NASA discovers a meteorite in the Arctic ice pack. It holds a wondrous discovery. But does it? Rachel Sexton, daughter of a the presidential challenger, is caught up in a web of conspiracies while she races to find the truth.
Did the last paragraph sound like the blurb for an over the top action novel? That’s because this one is. Dan Brown is fine at creating intricate plots full of action and suspense. This time, however, he went way too far. So much stuff is just “too much”. He has an annoying tendency to get people out of sticky situations with deux ex machina. The right tool or idea for the job seems to pop out of thin air just as it is needed.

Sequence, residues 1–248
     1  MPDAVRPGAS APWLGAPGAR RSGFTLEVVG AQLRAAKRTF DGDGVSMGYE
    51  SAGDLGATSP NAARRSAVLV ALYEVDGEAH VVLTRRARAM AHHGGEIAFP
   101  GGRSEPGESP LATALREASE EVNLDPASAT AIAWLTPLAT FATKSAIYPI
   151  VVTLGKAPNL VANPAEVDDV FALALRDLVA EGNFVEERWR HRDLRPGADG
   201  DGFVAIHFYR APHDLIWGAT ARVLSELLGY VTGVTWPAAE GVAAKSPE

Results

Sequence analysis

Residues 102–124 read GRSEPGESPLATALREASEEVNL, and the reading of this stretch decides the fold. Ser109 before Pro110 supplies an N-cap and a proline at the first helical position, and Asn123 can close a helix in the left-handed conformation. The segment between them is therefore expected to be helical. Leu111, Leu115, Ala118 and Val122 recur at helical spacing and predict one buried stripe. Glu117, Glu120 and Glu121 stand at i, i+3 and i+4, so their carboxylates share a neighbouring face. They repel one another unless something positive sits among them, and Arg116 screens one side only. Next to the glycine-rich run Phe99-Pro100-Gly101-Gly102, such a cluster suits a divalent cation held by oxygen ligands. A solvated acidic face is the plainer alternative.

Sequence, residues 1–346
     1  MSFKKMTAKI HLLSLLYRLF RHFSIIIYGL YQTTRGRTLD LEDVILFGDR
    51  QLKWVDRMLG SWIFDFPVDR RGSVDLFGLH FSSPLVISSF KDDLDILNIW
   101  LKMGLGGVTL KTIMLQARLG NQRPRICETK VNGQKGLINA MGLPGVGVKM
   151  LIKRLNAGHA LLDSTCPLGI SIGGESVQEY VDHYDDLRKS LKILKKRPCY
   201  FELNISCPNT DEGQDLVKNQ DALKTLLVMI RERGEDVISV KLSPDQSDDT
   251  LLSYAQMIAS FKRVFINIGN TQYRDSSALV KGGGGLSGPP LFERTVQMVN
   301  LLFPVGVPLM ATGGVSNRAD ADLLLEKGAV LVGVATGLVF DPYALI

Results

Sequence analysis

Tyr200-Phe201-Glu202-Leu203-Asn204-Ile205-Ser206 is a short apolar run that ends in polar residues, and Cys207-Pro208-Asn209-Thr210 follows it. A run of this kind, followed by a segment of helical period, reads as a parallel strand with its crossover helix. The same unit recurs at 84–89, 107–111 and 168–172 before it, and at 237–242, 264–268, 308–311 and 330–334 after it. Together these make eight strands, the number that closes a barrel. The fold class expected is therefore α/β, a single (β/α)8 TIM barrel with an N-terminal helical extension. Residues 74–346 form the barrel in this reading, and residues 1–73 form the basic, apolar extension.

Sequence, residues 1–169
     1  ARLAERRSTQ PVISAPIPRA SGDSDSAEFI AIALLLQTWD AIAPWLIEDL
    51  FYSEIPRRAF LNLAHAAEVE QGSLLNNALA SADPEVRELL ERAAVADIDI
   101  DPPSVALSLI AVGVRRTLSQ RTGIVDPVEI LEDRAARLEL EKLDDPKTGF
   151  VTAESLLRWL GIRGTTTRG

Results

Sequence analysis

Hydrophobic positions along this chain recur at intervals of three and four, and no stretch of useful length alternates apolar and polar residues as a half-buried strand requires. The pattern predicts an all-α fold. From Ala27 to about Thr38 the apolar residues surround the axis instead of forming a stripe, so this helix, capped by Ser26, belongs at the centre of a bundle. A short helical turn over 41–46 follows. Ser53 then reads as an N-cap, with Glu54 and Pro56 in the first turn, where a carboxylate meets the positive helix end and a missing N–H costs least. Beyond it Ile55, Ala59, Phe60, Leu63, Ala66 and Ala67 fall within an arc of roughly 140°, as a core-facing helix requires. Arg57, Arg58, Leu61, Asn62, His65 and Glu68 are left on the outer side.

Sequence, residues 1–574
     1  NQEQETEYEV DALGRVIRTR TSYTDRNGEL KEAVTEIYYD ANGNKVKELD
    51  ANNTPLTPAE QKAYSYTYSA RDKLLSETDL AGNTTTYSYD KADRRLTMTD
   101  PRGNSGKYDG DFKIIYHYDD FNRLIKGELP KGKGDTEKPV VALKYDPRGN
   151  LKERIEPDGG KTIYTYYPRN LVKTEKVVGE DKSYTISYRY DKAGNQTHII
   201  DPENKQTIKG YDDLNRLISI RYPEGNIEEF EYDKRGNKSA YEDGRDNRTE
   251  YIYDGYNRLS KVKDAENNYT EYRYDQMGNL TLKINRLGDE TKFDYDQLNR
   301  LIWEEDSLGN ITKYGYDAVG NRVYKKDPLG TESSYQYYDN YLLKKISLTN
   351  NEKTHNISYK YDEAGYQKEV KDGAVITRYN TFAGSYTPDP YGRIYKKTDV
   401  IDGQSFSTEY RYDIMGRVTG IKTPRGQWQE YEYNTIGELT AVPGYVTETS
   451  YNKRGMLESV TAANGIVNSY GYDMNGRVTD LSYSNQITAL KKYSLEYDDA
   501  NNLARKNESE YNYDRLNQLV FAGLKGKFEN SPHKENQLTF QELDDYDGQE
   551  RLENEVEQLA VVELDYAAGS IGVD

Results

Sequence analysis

I dislike it when authors state in an introduction that all the technologies described already exist, then write military technicalities in completely inaccurate ways. Case in point: The Delta Force operatives int he book are painted as inhuman robots who never talk about a mission after they have performed it. Really? No after action reviews? That seems absurd. There are plenty of other examples where the tech just seems a bit too “neat”.
Part of the central premise of the story itself, that if NASA were disbanded and lost its monopoly private contractors could undercut by factors of two or three, seems quite implausible to me. If nothing else, NASA only has a monopoly in the USA. If NASA is so protected by legalities, why aren’t space companies simply shipping their operations abroad? In conclusion the book is a semi-decent diversion but not much more.